A new study by the American Cancer Society reveals that Black people are significantly more likely to die from certain types of cancer, owing to structural inequities in access to both health care and information.
As part of the organization’s yearly cancer statistics, published in the peer-reviewed medical journal “CA: A Cancer Journal for Clinicians,” the study found that prostate cancer mortality rates in Black men are about two to four times higher than those in every other racial and ethnic group. Additionally, Black women are more likely than those in other ethnic groups to die from breast and uterine cancer.
“The biggest impact is lack of access to diagnostics, to prevention, to treatments,” Larry Norton, a medical oncologist and senior vice president at Memorial Sloan Kettering Cancer Center and medical director of the Evelyn H. Lauder Breast Center, told Yahoo News. “That’s clearly the biggest gap, and that’s something that has to be addressed. Lack of access is partially just lack of penetration of information.”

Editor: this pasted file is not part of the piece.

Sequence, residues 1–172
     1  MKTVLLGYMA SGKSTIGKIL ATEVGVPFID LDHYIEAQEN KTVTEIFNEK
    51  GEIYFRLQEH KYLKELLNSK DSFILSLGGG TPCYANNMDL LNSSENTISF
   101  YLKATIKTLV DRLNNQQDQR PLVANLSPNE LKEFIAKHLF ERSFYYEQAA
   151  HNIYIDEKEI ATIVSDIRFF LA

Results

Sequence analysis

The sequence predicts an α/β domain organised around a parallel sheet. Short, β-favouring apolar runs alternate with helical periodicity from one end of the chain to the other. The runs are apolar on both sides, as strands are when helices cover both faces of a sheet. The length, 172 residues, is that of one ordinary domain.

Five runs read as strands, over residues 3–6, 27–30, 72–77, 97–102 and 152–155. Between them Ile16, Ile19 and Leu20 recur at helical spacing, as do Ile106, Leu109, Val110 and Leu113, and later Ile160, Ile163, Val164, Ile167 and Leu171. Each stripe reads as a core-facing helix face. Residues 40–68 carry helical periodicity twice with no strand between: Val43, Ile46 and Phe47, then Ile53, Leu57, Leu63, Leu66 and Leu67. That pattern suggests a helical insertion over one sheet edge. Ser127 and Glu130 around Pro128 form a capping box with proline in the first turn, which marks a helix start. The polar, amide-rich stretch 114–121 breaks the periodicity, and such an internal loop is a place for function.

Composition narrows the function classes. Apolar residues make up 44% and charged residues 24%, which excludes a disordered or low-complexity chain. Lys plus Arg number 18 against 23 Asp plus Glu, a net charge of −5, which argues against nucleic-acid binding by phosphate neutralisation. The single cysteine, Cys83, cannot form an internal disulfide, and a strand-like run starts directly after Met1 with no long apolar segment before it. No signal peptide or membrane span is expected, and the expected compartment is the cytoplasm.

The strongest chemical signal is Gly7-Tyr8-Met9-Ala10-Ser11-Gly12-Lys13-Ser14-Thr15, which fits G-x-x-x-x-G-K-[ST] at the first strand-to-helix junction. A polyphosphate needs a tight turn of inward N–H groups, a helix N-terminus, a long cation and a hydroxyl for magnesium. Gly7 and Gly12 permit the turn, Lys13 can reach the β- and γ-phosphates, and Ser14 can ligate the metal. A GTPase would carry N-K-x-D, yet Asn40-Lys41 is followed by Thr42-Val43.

Racial disparities exist in both the incidence of various cancers and mortality rates. The highest mortality rate for both sexes combined is among American Indian/Alaska Natives (AIAN), with the rate among Black people coming in a close second.